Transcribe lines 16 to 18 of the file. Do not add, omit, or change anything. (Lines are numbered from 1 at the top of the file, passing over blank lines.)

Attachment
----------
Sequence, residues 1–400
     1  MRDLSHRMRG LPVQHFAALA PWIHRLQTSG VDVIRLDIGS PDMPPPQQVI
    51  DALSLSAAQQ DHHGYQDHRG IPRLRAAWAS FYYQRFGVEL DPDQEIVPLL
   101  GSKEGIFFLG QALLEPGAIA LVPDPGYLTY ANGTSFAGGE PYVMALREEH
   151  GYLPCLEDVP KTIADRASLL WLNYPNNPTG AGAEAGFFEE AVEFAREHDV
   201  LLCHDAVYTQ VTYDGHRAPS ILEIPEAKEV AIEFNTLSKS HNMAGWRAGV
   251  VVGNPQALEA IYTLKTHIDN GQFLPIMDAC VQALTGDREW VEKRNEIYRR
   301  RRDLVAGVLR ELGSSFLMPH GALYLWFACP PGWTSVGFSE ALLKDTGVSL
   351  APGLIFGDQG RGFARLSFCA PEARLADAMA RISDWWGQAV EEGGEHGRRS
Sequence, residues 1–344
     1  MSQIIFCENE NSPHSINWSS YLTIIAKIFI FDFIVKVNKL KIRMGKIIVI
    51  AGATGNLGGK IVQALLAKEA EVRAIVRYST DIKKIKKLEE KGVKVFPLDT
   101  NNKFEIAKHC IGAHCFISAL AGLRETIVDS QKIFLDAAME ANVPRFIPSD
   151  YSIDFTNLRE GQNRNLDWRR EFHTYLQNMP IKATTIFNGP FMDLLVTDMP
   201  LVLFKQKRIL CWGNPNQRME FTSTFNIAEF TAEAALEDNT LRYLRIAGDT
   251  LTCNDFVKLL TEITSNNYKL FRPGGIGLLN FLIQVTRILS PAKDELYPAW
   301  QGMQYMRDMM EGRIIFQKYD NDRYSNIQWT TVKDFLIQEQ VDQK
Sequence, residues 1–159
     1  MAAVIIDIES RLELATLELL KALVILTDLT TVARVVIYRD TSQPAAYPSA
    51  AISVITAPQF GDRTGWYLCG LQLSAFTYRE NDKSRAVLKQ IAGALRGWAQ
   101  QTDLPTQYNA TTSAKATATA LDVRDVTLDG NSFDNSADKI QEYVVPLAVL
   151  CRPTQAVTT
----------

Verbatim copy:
   251  LTCNDFVKLL TEITSNNYKL FRPGGIGLLN FLIQVTRILS PAKDELYPAW
   301  QGMQYMRDMM EGRIIFQKYD NDRYSNIQWT TVKDFLIQEQ VDQK
Sequence, residues 1–159